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MicroRNAs in cardiovascular disease

Gurha, Priyatansh

Current Opinion in Cardiology: May 2016 - Volume 31 - Issue 3 - p 249–254
doi: 10.1097/HCO.0000000000000280
MOLECULAR GENETICS: Edited by Ali J. Marian
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Purpose of review Noncoding RNAs regulate many aspects of cardiovascular biology and are potential therapy targets. In this review, we summarize and highlight current discoveries in the field of microRNAs, a class of noncoding RNAs.

Recent findings miRNAs regulate posttranscriptional gene expression and have been shown to control cardiac development, hypertrophy, fibrosis, and regeneration. Of note are the miRNAs that regulate cardiac contractility (for example, miR-25 and miR-22), cardiac regeneration (like miR-302–367 and miR99/100 families), and fibrosis (as miR-125b). Consistently with these roles of miRNAs, pharmacological intervention using anti-miRNA oligonucleotides (antagomirs or LNA-anti-miRs) has been shown to improve cardiac contractility and mitigate fibrosis, alleviating cardiac dysfunction in the setting of heart failure.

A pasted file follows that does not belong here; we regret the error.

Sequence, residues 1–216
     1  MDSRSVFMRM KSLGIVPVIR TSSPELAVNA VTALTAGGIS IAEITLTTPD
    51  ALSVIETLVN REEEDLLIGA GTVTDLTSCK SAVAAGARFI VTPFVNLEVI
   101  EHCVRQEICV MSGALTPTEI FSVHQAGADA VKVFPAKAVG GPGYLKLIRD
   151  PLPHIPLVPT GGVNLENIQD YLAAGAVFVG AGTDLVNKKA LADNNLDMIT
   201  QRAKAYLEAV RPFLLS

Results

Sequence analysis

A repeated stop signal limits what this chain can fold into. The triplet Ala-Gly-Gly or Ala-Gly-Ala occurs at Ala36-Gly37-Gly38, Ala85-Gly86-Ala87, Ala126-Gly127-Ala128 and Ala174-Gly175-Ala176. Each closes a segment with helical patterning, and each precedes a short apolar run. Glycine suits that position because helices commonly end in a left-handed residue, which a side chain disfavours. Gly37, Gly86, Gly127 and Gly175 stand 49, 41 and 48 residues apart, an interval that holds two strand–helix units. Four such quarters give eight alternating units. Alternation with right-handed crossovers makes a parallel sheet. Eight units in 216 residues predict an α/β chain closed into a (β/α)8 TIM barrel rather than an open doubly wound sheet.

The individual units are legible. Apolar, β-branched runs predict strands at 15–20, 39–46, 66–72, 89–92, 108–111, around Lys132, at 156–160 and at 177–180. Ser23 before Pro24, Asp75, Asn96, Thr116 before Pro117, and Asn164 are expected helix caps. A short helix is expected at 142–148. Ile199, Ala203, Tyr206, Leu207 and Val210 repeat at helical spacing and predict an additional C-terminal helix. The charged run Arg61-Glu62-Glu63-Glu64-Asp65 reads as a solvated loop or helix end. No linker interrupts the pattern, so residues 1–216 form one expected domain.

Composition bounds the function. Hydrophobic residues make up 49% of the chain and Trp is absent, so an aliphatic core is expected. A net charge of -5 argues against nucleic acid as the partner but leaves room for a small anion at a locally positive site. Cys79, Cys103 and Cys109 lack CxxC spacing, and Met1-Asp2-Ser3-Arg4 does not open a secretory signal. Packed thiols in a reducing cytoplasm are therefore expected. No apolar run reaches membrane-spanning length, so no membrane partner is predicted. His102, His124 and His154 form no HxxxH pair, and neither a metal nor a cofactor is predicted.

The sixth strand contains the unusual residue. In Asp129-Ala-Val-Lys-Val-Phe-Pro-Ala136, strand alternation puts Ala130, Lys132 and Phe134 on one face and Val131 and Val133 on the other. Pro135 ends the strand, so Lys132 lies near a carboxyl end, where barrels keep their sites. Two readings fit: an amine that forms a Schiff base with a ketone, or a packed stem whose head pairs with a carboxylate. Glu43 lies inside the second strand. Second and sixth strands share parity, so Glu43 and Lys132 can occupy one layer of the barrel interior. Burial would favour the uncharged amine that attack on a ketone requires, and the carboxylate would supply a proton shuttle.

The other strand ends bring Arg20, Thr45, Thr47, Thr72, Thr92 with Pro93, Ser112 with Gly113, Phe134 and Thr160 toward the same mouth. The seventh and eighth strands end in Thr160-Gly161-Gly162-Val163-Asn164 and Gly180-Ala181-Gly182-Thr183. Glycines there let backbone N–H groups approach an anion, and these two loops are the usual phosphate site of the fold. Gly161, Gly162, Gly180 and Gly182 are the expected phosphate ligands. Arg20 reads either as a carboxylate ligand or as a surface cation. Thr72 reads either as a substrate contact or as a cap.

Summary miRNAs are crucial regulators of cardiac phenotype and have enthused both basic scientists and clinicians alike. With advancement of technology and better understanding of mechanisms governing miRNA deregulation, we are at the crossroads for deciphering miRNA function and modulating it for therapeutics.

Center for Cardiovascular Genetics, Houston, Texas, USA

Correspondence to Priyatansh Gurha, PhD, Center for Cardiovascular Genetics, 6770 Bertner Street, Suite C905, Houston, TX 77030, USA. Tel: +1 713 500 2335; e-mail: Priyatansh.gurha@uth.tmc.edu

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